The office of Georgia Republican Gov. Brian Kemp released a statement Monday instructing Atlanta residents to ignore "confusing" new restrictions put in place over the weekend by Mayor Keisha Lance Bottoms amid record-high COVID-19 infections in the city and across the state.
Citing Kemp's "reckless" reopening, Bottoms, who recently tested positive for COVID-19, had directed the city to return to Phase 1, or the most restrictive measures.
"Based upon the surge of COVID-19 cases and other data trends, pursuant to the recommendations of our Reopening Advisory Committee, Atlanta will return to Phase I of our reopening plan," the mayor announced Friday.
"Georgia reopened in a reckless manner, and the people of our city and state are suffering the consequences," she added.
Atlanta's Phase 1 requires individuals to stay at home, except for essential trips, and to wear a face covering in public. It bars large gatherings and only allows restaurants and retail stores to serve customers curbside or to-go. All non-essential city facilities would close.
Bottom's new directive, issued as Georgia set another state record of more than 4,400 new cases, was at odds with parts of an executive order Kemp signed June 11. Among other things, Kemp's order allowed Georgia restaurants to fully open, lifted the ban on conventions and revoked stay-at-home requirements for residents 65 and older, with exceptions for those with certain underlying health conditions.
"Mayor Bottoms' action today is merely guidance — both non-binding and legally unenforceable," the governor's statement said. "As clearly stated in the governor's executive order, no local action can be more or less restrictive, and that rule applies statewide."
Kemp, for his part, began to reopen his state in late April before the Trump administration's national guidelines expired.
"Once again, if the mayor actually wants to flatten the curve in Atlanta, she should start enforcing state restrictions, which she has failed to do," Kemp's statement said. "We ask citizens and businesses alike to comply with the terms of the governor's order, which was crafted in conjunction with state public health officials. These common-sense measures will help protect the lives and livelihoods of all Georgians."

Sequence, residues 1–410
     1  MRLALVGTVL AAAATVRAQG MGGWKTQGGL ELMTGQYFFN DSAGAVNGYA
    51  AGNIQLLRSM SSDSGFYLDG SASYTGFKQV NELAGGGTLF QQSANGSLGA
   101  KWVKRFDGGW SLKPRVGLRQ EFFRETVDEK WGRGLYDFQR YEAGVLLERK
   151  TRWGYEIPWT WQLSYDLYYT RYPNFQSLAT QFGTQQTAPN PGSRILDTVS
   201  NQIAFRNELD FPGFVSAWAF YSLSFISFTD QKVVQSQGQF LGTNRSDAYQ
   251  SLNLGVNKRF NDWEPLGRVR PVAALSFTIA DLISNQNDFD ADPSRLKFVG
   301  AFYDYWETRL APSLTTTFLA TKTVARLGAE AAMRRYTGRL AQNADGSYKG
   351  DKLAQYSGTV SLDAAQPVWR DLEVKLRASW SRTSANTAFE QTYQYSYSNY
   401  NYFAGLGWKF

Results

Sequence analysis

But Bottoms shows no signs of backing down, and she counts mayors of Georgia's other largest cities among her ranks.
Kemp himself faces a decision Wednesday on whether to extend the current restrictions first put in place June 11. He has so far encouraged face masks but refused to require one in public.
The Georgia Department of Public Health on Tuesday reported another 3,394 cases, 209 hospitalizations and 28 deaths. The positivity rate ticked up to 13.7%, well above the state's 10% average to date. The pandemic has also put renewed strain on Georgia hospitals, which are running low on critical care beds.
Cases are soaring across the Atlanta metro region, with some areas reporting more than 200% increases over the last two-week period.
Kemp, who claimed to learn of asymptomatic transmission in early April despite government warnings since January, has come under fire for what some see as a lethally performative political approach to safely navigating the pandemic.
He was the first U.S. governor to announce he would lift economic restrictions, saying that he didn't "give a damn about politics." A few weeks later, with the Republican National Convention's chances on the rocks in North Carolina, Kemp offered to host the event and lifted the prohibition on conventions in his next executive order.
In fact, Kemp's early moves seemed so far ahead the curve that the White House task force reportedly enlisted Dr. Deborah Birx in an attempt to convince President Donald Trump to withdraw his initial support.
The president eventually reversed course and aired his disagreement with Kemp in public.
"I told the governor of Georgia, Brian Kemp, that I disagree strongly with his decision to open certain facilities which are in violation of the Phase 1 guidelines for the incredible people of Georgia," Trump said at a White House briefing, adding that he would likely intervene in the event of "something totally egregious."